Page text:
H. March 30, 2005, Conference
On March 30, 2005, the district court held a status conference to discuss the pending motions. Wilk himself was not present. The district court had received the magistrate judge's reports and recommendations and expected to receive transcripts of the pretrial motions hearings before the magistrate judge by April 11. The district court explained that it would issue orders on the motions “shortly thereafter.” The parties discussed evidentiary issues as to their expert witnesses. The government did not believe a hearing on the government's experts was needed, as the experts would testify on non-controversial topics such as ballistics and reconstruction of the crime scene. Wilk disagreed, stating that he had just received the material upon which the government experts relied and needed to provide it to defense experts for review, which would take time. The district court made the week prior to the April 18 trial available for a hearing on the government experts and informed the parties that completed jury questionnaires were available.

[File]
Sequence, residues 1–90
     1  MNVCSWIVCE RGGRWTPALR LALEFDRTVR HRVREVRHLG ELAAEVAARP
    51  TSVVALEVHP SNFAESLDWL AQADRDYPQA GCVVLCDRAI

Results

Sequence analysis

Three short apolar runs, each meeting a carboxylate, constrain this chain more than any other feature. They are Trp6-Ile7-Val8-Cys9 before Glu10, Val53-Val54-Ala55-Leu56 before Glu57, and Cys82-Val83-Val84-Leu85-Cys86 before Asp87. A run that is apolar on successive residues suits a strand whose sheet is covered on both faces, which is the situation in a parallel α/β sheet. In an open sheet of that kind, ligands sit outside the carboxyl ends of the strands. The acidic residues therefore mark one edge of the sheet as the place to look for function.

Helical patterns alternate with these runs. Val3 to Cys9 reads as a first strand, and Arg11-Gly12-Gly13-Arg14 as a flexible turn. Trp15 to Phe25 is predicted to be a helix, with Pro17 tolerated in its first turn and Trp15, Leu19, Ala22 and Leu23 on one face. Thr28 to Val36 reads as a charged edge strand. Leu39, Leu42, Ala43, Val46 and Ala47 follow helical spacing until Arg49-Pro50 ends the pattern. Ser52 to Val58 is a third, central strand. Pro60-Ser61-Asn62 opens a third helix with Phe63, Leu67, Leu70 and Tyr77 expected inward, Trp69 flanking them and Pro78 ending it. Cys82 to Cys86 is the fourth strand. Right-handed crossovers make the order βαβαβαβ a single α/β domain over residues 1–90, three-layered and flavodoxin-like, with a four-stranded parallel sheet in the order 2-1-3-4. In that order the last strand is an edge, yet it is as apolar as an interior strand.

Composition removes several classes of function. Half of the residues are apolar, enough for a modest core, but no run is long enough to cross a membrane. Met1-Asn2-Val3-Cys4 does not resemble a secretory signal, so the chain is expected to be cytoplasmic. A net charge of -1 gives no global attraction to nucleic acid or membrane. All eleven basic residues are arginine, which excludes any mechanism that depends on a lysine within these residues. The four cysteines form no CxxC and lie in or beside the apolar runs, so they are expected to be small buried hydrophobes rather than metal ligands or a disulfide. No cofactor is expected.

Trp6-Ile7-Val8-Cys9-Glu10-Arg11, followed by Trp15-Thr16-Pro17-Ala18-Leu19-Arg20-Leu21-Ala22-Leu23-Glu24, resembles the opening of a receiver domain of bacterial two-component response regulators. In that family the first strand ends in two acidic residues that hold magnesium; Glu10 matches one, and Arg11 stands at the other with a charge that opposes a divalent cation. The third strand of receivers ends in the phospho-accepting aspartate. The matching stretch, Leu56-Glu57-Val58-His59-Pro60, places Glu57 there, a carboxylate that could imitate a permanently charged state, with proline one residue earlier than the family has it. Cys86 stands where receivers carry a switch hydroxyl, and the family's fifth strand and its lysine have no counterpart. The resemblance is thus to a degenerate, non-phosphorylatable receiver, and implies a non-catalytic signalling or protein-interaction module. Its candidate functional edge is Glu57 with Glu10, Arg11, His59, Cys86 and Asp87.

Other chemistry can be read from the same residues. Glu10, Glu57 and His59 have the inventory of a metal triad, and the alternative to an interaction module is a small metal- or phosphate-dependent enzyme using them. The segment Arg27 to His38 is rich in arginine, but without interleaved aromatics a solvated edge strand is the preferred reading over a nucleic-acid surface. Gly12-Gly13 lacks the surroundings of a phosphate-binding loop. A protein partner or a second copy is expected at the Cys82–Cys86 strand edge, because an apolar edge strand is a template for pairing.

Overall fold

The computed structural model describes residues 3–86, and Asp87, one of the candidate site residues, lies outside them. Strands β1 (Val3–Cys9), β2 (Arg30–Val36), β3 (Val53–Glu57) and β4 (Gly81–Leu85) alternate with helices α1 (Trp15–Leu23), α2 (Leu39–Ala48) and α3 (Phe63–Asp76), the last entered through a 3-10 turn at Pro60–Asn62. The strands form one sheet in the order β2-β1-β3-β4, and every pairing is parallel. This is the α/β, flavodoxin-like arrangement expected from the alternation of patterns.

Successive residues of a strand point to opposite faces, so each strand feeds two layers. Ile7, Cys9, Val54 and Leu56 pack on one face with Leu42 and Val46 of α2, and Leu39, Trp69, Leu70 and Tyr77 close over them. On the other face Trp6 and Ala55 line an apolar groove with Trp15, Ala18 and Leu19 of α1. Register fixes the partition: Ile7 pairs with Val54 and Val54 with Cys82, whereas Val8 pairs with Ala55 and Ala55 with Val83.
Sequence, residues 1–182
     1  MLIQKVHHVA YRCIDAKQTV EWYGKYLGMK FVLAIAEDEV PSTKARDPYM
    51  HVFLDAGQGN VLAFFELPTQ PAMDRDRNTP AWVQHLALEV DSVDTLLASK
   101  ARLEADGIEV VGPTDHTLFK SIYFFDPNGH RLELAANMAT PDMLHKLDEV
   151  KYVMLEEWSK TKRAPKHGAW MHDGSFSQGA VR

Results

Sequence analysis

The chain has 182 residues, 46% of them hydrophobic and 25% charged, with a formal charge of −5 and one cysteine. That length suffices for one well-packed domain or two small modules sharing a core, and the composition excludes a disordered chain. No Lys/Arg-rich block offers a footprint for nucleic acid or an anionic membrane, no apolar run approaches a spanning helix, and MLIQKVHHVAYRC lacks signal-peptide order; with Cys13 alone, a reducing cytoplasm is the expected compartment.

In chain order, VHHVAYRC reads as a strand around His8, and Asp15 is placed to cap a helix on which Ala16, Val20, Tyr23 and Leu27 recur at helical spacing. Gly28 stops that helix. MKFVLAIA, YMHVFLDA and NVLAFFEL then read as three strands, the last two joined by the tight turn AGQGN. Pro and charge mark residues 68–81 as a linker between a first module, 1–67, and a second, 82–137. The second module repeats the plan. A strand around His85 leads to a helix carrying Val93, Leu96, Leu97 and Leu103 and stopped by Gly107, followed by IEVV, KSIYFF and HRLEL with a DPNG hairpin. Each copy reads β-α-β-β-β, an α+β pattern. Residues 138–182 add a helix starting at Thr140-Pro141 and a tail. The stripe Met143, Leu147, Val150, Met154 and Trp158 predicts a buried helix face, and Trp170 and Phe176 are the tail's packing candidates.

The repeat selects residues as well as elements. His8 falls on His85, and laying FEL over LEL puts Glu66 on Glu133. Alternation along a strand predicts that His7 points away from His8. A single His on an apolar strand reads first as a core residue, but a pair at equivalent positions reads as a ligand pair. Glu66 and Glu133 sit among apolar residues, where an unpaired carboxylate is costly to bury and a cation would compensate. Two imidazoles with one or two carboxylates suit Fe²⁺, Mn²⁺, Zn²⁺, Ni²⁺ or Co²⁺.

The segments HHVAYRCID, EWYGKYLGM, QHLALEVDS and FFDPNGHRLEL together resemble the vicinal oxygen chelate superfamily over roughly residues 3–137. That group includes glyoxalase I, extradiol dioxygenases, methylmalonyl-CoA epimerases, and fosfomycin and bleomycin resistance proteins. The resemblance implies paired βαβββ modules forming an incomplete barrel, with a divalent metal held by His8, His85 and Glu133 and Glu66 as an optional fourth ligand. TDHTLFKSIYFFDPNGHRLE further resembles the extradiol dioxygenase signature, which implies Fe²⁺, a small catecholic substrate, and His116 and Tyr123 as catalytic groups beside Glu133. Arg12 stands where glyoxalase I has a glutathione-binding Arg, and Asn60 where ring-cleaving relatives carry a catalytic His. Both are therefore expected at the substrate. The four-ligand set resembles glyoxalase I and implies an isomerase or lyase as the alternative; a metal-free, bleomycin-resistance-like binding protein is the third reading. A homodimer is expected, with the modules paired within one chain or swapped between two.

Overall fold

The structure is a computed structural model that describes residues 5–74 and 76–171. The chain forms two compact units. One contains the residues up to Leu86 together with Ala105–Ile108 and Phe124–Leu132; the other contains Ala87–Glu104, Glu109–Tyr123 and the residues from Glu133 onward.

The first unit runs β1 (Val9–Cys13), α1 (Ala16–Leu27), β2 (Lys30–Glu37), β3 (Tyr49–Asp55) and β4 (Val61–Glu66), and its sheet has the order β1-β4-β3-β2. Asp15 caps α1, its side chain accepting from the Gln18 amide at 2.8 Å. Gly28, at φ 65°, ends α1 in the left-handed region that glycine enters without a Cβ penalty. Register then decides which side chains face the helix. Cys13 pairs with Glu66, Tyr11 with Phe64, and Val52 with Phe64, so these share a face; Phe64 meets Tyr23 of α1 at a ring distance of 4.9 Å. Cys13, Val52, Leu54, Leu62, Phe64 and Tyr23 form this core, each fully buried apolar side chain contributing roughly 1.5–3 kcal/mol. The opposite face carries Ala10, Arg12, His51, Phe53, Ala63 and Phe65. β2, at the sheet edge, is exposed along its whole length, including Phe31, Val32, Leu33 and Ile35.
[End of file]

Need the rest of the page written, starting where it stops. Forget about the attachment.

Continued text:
The government expressed its concern that it may not be ready for trial on April 18 due to outstanding discovery and expert witness issues. The government opined that it could be ready, but believed that discovery issues still were developing. The government pointed to Wilk's potential mental health defense, noting that it would involve “some pretty intricate and complex expert testimony[,]” and stated that Wilk had not yet disclosed his experts on the matter. In light of Wilk's possible mental health defense, the government anticipated the need to have its own expert examine Wilk, which, under the time frame presently in place, would have to occur while the April 18 trial was proceeding.
The government believed a late summer or fall trial would provide Wilk with sufficient time to prepare. Wilk blamed the government for delay in disclosing various discovery materials; pointed out that he had to seek court approval for his experts, a time-consuming process; asserted that the defense was working as quickly as possible with the April 18 trial date in mind; noted that the guilt and penalty phases of a capital case were inextricably intertwined; and asked the district court “to consider these issues very carefully before it decides to go forward on the April 18th trial date.”